Financial Impact on a Surviving Spouse
When a spouse passes away, there can be many impacts to their financial picture. The fact is a husband and wife almost never die at the same time. Although not always, statistically husbands are more likely to predecease their wives.
Household gross income could be cut by as much as 40%, while the impact of income tax can actually increase.
The emotional aspects of grief can be challenging enough without having to worry about being unprepared financially.
Changes in income
The changes in income after a spouse dies can be significant. Income could be reduced by as much as 40%.
- CPP: The surviving spouse may receive a Canada Pension Plan survivor benefit depending on age, the deceased’s CPP contributions and the age benefits were taken, and the survivor’s own CPP amount.
For example, a widow who is at least 65 could receive up to 60% of her deceased spouse’s CPP amount. But the total of her own CPP plus the survivor’s pension is capped at the maximum for a single person, currently $1,154.58.
- OAS: If a spouse dies at 65 or older his or her partner will no longer receive Old Age Security (current monthly payment $601.45).
If the survivor’s new income is above the OAS income-recovery threshold ($77,580 for 2019 income year) their own OAS could decrease or be entirely clawed back.
- GIS: If a family receives the Guaranteed Income Supplement, future payments will be based on the widowed status and income. However, a survivor with reduced income could qualify for GIS for the first time.
- Employer pension plans: The workplace pension plan may pay a survivor benefit, but they are not standardized.
With a defined-benefit pension, a survivor is typically entitled to 50 – 60% of the payment.
With a defined-contribution pension plan, the survivor payment depends on the option the departed spouse chose to generate their retirement income. Payments may continue if a life annuity with a joint and survivor option was purchased. If the funds were transferred to a life income fund (LIF), which is similar to a RRSP, and the surviving spouse is beneficiary, they are entitled to the fund assets. The LIF value may be paid in cash, transferred to a life income fund in the survivor’s name, or used to purchase a life annuity.
Extended health-care benefits or other perks may continue, be reduced or entirely eliminated. Check your employer pension plan documents to see what benefits the survivor is entitled to.
Expenses for a retiree living alone are about 80% of those for a couple.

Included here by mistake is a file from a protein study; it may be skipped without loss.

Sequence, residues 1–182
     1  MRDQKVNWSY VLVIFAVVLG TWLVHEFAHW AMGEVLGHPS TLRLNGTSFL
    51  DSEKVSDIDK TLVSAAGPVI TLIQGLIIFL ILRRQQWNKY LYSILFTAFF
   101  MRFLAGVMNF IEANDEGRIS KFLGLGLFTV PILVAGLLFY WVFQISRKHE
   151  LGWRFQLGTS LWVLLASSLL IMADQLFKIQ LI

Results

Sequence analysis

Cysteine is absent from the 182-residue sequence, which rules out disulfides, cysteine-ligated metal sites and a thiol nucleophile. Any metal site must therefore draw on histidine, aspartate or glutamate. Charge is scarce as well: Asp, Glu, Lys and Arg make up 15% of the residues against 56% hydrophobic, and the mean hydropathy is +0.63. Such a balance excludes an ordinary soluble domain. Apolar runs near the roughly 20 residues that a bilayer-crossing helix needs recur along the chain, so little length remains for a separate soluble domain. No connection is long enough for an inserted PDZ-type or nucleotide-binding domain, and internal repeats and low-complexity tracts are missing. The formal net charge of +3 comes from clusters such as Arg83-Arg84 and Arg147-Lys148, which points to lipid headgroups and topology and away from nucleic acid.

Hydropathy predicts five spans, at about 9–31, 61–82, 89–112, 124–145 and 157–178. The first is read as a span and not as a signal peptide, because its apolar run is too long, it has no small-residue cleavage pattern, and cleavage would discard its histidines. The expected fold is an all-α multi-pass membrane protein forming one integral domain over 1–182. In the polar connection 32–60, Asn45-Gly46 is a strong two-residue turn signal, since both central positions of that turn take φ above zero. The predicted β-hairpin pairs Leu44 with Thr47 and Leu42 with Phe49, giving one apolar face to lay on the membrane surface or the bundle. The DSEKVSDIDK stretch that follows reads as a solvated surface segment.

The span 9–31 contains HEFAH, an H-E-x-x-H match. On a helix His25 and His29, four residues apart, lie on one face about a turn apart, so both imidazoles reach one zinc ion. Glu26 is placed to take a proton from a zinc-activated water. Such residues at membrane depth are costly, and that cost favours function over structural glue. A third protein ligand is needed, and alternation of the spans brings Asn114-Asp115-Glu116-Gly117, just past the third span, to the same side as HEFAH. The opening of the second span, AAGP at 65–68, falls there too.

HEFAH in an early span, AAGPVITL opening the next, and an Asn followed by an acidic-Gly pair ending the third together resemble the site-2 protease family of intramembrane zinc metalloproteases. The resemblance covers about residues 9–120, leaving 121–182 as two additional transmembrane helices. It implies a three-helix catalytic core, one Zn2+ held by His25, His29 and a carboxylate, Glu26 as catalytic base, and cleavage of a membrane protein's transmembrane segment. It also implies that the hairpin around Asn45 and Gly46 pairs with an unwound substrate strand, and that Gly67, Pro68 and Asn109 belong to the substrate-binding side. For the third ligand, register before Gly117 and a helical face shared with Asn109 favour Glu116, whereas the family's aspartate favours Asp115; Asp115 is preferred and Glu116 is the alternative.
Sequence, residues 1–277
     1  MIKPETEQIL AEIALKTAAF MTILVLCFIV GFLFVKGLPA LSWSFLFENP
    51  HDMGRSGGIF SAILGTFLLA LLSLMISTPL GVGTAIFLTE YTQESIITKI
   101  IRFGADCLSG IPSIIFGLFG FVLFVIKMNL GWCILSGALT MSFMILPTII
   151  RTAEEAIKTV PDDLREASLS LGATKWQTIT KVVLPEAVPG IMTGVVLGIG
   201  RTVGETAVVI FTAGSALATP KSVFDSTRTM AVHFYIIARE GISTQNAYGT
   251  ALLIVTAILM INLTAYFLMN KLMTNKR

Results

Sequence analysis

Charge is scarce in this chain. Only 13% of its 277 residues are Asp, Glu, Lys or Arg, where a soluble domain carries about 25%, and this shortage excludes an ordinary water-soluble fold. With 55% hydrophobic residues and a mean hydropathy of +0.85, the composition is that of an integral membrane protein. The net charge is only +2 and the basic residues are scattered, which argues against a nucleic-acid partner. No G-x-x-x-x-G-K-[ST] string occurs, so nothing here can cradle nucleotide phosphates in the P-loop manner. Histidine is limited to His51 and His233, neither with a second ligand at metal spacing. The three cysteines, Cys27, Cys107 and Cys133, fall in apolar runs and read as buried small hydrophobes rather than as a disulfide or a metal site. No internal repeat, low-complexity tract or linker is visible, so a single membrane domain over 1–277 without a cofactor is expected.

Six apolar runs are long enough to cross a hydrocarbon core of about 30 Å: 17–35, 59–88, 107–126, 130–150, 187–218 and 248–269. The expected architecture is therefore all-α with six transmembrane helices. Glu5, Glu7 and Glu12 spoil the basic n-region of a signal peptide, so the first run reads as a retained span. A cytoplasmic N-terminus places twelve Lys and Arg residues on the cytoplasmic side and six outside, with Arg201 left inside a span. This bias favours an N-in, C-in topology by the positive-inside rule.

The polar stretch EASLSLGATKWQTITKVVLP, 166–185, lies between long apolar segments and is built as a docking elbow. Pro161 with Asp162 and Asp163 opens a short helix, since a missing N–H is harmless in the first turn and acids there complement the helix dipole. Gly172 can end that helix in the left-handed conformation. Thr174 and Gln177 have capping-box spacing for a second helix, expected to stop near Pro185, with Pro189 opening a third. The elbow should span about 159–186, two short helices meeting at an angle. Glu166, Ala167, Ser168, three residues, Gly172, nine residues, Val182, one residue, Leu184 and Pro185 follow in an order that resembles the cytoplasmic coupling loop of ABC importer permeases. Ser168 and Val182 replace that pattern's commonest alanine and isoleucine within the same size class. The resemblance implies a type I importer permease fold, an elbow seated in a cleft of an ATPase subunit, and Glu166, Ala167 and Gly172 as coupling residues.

Some household expenses will decrease, but not as much as you would expect. Rent or home ownership costs such as property taxes, home insurance and utilities will stay the same unless the survivor moves to less expensive accommodation. Vehicle operating costs won’t change substantially unless you dispose of a second vehicle.
Personal costs such as clothing, hobbies and medical care for the deceased will be gone. Grocery bills will be lower, but not 50% lower. Buying food in smaller quantities usually costs more.
Travel is a large budget item for many retirees. Expenses will decrease somewhat, but hotel rooms will cost about the same, and many tour companies levy a surcharge on single travellers.
A retiree who outlives their spouse can no longer benefit from tax breaks available to couples such as two basic income deductions and pension income-splitting. Certain tax credits such as the family caregiver amount are dropped.
Income from non-registered assets that were held jointly can no longer be split between both spouses.
If there was a RRIF with the spouse as successor beneficiary, those payments will increase the survivor’s taxable income when combined with their own.
The death of a retiree has clear financial implications for the surviving partner. This is often forgotten. Take a minute now to imagine what will happen next if you leave a spouse behind.
Proper planning during the investment draw-down years can help lessen reduced cash flow and an increase in income taxes. When doing your retirement planning calculate different scenarios with various ages.
For example, it might make sense to make withdrawals from your RRSP/RRIF at an earlier age to reduce the total amount.
Usually, either by choice or necessity, one spouse chooses and rebalances the investments, checks the statements and builds the spreadsheets, while the other – does not. You may have created a system that your spouse might not be able to maintain.
Personal finances, be it paying the bills, overseeing investments or keeping the household budget on track will be the surviving spouse’s responsibility alone.
Taking over the finances after years of low participation will leave your spouse vulnerable to confusion and indecision all while dealing with their grief and government forms, the funeral home and bank are all demanding their attention.
Now is the time for your spouse to learn how to manage your financial affairs. Carve out some time to discuss your finances and where all your documents are kept. Simplify as much as possible. Hold accounts jointly. Have a trusted financial advisor – whether a professional or experienced family member or friend – they can turn to for help.
Related: How to minimize probate fees
The bottom line
Mourning the loss of a spouse can be one of the most difficult things for a person to experience. No one is ever ready to lose a loved one.
I don’t believe there’s any way to truly prepare for the death of a partner. What I do believe is that – financially speaking – proper planning in advance may help ensure that finances may be one less concern during such a trying time.
Check out this Seniors Canada website for a list of provincial and national resources.